I have been fortunate to visit Glacier Bay National Park on two previous occasions, and I consider it to be a very special place. When Tim and I decided to spend the summer in Alaska, Glacier Bay was near the top of my list of places to visit. I wanted to return, and I wanted Tim to experience it with me.
Getting to Glacier Bay, however, can be a bit of a challenge unless you are on a cruise ship. And even then, very few ships are able to snare the necessary permits, since only two large ships can enter Glacier Bay each day. You can take the ferry from Juneau to Gustavus, the gateway to Glacier Bay, but there are only two departures each week in the middle of the summer, and the only campground is for tents only. RV travel to Gustavus is strongly discouraged, although it seems to us that there might be some options for boondocking. Flying is probably the best option, and that is what we decided to do.
Because we did not want to leave Kitty overnight in the RV by herself in Juneau, we had to make our trip to Glacier Bay a day trip. A very long day trip. The day started with a 5:30 am flight from Juneau on Wings of Alaska in an eight-passenger plane. We were in the air for less than a half hour, but we had beautiful views of the Lynn Canal and snow-capped mountains.
|Small Planes Are the Way to Go in Alaska|
|The Baranof Wind Was a Great Boat for a Day Tour|
Glacier Bay National Park is the National Park System’s largest protected marine area and is a part of the largest World Heritage Site. It is a constantly evolving area. Just 250 years ago, there was no bay in Glacier Bay. The area was covered entirely by a glacier that was 100 miles long. Today, that glacier has disappeared, but there are still seven smaller tidewater glaciers that inspire awe in everyone who has the good fortune to see them.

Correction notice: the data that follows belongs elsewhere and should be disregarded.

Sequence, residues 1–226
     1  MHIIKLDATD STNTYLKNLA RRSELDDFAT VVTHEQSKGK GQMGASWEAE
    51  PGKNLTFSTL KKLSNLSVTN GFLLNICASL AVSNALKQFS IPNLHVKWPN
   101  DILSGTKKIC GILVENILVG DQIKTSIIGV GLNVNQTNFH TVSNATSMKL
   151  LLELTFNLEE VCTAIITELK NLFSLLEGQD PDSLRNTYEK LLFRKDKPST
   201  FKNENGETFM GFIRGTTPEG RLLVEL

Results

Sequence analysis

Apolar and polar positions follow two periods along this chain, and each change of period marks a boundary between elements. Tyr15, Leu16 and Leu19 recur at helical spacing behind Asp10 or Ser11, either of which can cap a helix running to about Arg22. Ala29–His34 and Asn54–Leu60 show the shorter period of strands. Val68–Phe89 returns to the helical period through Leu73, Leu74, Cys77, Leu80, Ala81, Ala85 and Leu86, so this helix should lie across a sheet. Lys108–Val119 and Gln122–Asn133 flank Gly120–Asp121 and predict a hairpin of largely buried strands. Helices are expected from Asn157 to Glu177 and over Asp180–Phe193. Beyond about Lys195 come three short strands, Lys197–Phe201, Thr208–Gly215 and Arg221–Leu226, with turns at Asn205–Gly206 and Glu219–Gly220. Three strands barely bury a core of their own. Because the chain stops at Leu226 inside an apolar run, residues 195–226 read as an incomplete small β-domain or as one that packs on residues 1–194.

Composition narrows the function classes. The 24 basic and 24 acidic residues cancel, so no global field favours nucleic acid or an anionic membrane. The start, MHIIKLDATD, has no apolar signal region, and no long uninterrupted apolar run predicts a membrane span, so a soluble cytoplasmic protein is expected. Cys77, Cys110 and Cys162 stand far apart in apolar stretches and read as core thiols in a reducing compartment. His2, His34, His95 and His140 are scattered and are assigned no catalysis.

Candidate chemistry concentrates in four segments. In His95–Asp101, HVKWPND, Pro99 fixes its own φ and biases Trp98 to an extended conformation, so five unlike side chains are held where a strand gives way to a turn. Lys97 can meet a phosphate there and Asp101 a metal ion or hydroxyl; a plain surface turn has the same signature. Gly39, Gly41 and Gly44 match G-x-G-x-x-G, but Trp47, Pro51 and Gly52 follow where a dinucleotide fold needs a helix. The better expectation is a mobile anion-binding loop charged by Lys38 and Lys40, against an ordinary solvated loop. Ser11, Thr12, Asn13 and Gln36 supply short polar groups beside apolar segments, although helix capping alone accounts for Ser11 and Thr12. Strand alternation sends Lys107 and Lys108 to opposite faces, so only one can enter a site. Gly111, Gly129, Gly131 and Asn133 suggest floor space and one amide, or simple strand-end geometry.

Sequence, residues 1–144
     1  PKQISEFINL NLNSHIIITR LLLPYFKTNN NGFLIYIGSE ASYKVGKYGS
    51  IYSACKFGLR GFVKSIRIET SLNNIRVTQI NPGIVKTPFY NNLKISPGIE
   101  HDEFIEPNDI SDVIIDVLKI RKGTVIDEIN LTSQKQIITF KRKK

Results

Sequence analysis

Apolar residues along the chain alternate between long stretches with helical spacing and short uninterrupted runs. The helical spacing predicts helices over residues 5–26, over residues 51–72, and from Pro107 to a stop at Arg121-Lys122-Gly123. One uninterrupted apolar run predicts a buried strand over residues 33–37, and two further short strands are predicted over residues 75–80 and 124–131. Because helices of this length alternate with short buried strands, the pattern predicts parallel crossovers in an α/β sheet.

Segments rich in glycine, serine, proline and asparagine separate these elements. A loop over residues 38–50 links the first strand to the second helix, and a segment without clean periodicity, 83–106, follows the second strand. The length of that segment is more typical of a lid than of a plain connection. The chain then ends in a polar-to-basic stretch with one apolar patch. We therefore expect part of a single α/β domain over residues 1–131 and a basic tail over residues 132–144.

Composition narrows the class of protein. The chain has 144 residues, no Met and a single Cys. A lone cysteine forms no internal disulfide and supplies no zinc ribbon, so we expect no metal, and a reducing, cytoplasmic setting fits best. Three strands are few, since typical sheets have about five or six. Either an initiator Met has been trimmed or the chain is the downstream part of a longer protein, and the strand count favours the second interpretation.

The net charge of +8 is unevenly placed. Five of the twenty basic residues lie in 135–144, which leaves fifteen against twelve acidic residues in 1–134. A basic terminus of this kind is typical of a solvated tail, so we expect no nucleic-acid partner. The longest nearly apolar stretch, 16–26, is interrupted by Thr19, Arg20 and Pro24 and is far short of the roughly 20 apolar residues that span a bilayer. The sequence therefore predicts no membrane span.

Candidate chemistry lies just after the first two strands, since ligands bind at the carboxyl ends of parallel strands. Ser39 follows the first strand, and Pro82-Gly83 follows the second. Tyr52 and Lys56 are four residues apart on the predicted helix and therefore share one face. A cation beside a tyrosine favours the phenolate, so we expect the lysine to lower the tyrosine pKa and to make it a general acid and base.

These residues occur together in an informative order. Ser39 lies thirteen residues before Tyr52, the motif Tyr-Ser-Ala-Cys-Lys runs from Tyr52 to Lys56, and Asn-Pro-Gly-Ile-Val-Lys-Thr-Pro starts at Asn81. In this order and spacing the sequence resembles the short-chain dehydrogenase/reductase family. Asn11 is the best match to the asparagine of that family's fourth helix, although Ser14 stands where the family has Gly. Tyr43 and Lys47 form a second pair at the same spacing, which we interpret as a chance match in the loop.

A National Park Service ranger accompanies every boat, including every cruise ship, that enters Glacier Bay. The ranger who sailed with us was an incredibly knowledgeable naturalist, and he provided insightful commentary about the history of Glacier Bay, as well as wildlife and glaciation. We especially enjoyed talking with him, and he kept our attention all day. I have always found presentations by National Park Service rangers to be among the very best out there, and this one was no exception.
|Passing Close to an Island to Search for Wildlife|
As the boat made its way into Glacier Bay, we passed very close to several islands where we watched Steller sea lions and harbor seals laze away the day on the rocks. We had plenty of time to spot tufted puffins and sea otters floating on the bay, and eagles and other numerous species of birds flying above us. We hugged the coast for a bit and observed a dozen or more mountain goats as they climbed along the steep cliffs. I especially loved trying to spot the mountain goats, puffins and sea otters. I can’t decide which of the three I think is the cutest.
|Lazy Bums - What a Life!|
|Wildlife on the Water|
|Mountain Goats on the Cliffs|
When one thinks of John Muir, one typically thinks of Yosemite National Park. Did you know that Muir traveled to what is now Glacier Bay National Park to help prove his theory that Yosemite had been carved by glaciers, not by the Biblical flood? He visited the park on three separate occasions and made extensive observations of glaciers. We visited the spot where Muir was halted by the glacier in 1879. Today, that glacier has retreated an additional 65 miles, and that is how far we traveled.